If your kid dresses like a Dickensian guttersnipe in that sort of layered Cat-in-the-Hat bricolage – and he’s not home by 3 a.m.? – you’ll find him at The Abbey. Serving skater punk insomniacs, blasted dancing fools and random drop-ins, The Abbey’s not for tourists, slummers or Sunday adventurers, so just go down to Molly’s at the Market where you belong. One of my ex-students calls it “the 40s and pit bull bar,” and it is apparently a den of iniquity where cops harass the patrons on a regular basis. In addition, don’t even look in next door at The Dervish – unless your kid’s a Goth who’s into techno, and then really don’t look in. (They’re both 24/7.)

 The Clover Grill has returned to its 24/7 glory from Thurs.-Mon., so go for the burgers and burlesque, and look away from the pink tiles if you’ve been drinking huge ass beers. Cabaret music pumps in, the tall black cook flips fries and bumps butts with the waiter, and “the joint is (generally) jumpin’.” The Fats Waller tune was actually playing when I walked in last week. Ask the way to the bathroom before you go, because through the tiny diner’s kitchen you step into a courtyard that might have been a stage set for Streetcar – with its Escherian maze of balconies, shadows and cellars, and always just out of earshot, some couple barking at one another. If you want to go a bit further back in time – like to the 18th century – you can drink by candlelight at Lafitte’s till 3 a.m.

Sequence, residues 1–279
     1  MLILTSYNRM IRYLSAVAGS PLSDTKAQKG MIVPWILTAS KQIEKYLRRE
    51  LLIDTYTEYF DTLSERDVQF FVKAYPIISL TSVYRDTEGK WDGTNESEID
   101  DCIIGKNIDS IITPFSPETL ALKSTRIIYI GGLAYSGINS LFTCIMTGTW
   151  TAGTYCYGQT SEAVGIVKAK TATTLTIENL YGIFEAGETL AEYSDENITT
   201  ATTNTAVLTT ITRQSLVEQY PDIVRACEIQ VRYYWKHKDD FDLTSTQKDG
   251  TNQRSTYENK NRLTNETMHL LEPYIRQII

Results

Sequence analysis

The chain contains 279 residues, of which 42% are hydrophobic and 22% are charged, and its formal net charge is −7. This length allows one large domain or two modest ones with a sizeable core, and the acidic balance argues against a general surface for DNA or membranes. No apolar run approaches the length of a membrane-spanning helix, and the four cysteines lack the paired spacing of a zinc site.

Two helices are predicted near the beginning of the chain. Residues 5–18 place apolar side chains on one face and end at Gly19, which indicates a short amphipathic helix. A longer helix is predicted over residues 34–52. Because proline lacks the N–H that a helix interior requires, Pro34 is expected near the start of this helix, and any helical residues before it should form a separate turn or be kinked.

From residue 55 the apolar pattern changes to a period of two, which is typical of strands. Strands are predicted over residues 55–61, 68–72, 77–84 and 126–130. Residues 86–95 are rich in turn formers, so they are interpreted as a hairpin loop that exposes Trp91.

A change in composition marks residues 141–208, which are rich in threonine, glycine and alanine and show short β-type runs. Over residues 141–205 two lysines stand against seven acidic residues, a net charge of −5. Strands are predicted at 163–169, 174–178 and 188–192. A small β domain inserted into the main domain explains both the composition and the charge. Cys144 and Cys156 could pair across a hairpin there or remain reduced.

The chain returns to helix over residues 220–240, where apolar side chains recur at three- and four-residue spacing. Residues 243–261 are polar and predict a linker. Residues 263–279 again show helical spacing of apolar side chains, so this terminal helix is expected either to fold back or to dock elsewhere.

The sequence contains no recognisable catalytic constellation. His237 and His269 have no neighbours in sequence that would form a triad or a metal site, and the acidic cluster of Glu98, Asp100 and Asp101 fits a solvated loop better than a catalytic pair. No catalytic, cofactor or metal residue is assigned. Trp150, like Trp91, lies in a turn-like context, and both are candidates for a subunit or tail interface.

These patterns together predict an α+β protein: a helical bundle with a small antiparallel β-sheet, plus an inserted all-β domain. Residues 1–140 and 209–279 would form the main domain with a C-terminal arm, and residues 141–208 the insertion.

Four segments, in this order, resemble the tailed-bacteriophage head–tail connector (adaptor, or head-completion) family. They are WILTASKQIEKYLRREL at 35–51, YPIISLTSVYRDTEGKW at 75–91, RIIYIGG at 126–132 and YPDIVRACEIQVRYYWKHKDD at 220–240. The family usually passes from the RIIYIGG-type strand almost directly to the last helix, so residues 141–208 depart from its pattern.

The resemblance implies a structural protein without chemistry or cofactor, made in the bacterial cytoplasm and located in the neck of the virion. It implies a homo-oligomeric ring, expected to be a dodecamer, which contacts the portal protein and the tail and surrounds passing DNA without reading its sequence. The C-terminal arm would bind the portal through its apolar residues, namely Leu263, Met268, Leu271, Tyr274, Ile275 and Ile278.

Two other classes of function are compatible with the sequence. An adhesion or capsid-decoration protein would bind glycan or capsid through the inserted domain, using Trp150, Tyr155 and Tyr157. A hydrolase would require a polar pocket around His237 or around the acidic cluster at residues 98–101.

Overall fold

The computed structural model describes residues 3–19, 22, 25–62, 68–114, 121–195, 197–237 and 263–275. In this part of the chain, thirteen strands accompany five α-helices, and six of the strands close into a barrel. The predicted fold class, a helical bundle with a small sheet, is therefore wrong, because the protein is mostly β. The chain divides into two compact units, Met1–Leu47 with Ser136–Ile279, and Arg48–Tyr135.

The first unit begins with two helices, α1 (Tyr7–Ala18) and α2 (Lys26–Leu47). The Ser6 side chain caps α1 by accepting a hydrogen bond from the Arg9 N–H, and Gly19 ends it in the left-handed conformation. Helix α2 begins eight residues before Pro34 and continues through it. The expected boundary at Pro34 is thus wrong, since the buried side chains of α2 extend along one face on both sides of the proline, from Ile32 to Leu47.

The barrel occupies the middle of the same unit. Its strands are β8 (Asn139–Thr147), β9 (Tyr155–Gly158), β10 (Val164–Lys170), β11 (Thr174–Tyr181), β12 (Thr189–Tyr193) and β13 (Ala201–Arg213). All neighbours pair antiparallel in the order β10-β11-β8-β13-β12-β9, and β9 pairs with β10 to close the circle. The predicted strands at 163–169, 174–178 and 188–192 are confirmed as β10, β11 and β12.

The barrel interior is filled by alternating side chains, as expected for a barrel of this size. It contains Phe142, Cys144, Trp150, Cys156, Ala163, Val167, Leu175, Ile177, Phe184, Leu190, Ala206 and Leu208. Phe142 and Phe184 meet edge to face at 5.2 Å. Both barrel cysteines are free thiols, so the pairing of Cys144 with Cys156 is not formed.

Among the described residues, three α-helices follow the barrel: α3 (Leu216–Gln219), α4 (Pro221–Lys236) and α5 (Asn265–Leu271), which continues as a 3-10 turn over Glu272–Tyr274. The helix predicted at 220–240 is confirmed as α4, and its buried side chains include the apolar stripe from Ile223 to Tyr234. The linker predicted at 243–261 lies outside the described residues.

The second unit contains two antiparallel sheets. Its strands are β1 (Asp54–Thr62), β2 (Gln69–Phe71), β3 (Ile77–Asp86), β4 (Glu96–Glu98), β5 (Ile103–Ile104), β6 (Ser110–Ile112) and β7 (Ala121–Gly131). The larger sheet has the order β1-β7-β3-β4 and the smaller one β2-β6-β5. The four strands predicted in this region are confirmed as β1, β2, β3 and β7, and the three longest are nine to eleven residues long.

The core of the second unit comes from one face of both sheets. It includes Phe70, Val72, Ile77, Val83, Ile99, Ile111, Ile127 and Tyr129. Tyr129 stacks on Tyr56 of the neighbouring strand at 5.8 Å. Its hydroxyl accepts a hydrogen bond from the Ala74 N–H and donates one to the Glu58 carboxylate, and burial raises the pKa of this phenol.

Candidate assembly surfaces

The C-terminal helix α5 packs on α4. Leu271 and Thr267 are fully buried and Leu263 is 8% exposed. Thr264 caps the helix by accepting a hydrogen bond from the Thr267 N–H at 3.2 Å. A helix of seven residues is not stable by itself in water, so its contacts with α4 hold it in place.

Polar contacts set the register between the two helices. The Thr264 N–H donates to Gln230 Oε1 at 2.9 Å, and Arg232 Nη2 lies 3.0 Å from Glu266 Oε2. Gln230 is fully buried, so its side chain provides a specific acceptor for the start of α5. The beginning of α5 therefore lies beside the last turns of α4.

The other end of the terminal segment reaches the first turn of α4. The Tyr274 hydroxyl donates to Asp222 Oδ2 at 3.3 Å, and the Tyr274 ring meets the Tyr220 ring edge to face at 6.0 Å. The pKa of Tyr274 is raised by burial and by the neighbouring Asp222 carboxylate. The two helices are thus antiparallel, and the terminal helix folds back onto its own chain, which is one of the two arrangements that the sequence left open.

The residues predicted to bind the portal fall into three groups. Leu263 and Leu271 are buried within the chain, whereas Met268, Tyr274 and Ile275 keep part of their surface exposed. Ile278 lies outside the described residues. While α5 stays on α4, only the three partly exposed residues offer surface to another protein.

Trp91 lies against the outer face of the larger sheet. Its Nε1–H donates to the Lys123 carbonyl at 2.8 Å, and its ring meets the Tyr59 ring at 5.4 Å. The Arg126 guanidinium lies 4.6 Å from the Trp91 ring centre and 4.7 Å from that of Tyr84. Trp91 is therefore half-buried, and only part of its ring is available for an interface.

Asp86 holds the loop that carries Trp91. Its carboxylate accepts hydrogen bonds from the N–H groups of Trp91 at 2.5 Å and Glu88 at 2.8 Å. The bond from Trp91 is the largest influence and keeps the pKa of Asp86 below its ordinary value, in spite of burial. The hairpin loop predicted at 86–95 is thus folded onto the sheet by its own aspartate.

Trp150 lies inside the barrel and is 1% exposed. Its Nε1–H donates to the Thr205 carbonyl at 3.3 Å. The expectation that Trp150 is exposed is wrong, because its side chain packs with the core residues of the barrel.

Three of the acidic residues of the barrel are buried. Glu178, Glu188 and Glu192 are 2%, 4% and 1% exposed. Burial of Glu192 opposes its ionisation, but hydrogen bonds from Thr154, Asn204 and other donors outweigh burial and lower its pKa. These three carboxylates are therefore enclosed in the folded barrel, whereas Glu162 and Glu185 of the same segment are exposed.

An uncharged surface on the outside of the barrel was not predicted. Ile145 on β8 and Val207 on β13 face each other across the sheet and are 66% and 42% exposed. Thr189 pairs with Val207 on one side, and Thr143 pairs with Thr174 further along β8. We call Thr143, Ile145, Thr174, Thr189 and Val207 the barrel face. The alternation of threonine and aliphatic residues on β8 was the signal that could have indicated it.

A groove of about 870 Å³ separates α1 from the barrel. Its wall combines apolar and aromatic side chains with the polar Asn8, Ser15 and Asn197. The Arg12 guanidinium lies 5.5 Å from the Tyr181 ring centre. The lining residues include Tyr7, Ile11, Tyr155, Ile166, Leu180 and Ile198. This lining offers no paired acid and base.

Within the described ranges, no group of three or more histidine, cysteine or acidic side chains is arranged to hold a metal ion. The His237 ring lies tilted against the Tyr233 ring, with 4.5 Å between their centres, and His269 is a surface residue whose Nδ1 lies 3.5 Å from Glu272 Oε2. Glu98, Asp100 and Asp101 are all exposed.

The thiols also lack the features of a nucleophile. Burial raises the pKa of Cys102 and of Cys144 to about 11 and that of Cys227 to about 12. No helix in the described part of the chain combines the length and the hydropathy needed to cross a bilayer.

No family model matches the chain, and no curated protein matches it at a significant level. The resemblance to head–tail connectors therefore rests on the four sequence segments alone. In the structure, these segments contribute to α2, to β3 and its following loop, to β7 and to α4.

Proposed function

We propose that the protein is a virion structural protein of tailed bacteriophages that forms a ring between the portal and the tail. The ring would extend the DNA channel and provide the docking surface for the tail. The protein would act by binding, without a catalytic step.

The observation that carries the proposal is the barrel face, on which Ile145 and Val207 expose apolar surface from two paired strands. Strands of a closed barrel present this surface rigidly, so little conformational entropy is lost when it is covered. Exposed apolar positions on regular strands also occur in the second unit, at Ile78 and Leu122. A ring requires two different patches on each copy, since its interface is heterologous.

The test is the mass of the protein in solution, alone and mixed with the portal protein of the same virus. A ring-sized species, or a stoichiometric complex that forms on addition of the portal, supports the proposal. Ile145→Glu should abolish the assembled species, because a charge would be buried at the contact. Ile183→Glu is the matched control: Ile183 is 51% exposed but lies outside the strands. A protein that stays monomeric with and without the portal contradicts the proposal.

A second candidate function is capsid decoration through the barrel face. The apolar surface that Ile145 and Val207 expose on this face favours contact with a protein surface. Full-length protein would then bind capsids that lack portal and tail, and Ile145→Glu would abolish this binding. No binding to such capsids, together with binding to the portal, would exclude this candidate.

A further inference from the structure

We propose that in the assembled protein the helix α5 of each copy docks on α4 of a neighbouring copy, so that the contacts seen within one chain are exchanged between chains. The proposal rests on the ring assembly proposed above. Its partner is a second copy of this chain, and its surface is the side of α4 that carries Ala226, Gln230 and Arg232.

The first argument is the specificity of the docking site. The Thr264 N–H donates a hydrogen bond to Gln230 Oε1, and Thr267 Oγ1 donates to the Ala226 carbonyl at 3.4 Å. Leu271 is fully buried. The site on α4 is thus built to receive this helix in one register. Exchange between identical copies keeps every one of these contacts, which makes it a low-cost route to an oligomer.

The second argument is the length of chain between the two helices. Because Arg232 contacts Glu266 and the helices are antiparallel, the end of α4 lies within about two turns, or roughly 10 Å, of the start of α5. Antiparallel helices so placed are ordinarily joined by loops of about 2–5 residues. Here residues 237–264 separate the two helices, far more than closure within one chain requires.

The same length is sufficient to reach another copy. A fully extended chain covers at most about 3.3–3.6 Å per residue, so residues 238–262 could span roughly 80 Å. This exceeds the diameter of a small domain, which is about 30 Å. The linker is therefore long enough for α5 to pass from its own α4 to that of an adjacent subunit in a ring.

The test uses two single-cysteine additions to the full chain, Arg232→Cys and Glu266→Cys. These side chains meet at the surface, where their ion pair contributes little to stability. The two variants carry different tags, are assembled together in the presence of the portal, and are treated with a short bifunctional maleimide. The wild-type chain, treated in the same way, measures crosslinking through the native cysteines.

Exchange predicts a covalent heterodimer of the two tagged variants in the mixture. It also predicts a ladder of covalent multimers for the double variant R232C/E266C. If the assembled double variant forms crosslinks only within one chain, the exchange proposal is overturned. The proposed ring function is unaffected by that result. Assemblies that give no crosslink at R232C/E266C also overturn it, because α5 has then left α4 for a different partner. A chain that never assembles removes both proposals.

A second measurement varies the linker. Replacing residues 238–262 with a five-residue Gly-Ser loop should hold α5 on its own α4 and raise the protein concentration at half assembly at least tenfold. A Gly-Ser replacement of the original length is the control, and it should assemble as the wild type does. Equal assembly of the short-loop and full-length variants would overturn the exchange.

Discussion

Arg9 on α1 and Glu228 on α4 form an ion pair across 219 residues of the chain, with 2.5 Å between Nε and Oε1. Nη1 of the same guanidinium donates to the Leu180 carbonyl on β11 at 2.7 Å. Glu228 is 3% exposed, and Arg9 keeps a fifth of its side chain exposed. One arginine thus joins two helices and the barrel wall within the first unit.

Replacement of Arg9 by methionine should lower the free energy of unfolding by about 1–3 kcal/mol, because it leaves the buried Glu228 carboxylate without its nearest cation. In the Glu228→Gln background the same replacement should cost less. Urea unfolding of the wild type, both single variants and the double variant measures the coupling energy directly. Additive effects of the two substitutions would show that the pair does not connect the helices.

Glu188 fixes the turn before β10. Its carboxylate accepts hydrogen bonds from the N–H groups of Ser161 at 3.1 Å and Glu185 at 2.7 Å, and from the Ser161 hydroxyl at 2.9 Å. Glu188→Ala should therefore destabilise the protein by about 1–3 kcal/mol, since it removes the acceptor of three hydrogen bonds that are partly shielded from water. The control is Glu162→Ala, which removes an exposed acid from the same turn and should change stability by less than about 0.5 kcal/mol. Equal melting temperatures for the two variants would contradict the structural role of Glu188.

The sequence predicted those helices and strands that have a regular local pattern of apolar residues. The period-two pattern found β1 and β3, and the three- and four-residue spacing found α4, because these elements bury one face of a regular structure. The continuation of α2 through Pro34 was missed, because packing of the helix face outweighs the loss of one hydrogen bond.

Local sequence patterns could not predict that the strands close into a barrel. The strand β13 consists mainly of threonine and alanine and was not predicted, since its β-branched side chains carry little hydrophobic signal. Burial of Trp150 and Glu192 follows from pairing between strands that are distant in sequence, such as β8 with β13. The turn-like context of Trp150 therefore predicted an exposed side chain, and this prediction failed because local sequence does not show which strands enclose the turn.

Still the only true 24/7 food options in the Quarter are the Quartermaster grocery and Deja Vu, a haven for cops and cabbies. The walk from one to the other goes right down the middle of a sad shuttered Bourbon St. (by 2:15 am). The bartender at Deja Vu, Elisa, was a Bronx-raised spitfire dressed in black and tattooed from here to see-ya-next-Tuesday, and after serving us beers, cursed some bad tipper after tallying his check. The conversation then turned to celebrity bad tippers – “JLo,” someone yelled, “Vanna White,” “Halle Berry” – and then a massive cop tossed in (former Chicago Bull) “Scottie Pippen ... they used to call ‘im ‘No-Tippin’ Pippen.’” With a few cops, a few alcoholics, a few video-poker addicts, decent food and one entertaining halfwit, it felt like a cable sitcom about an all-night diner.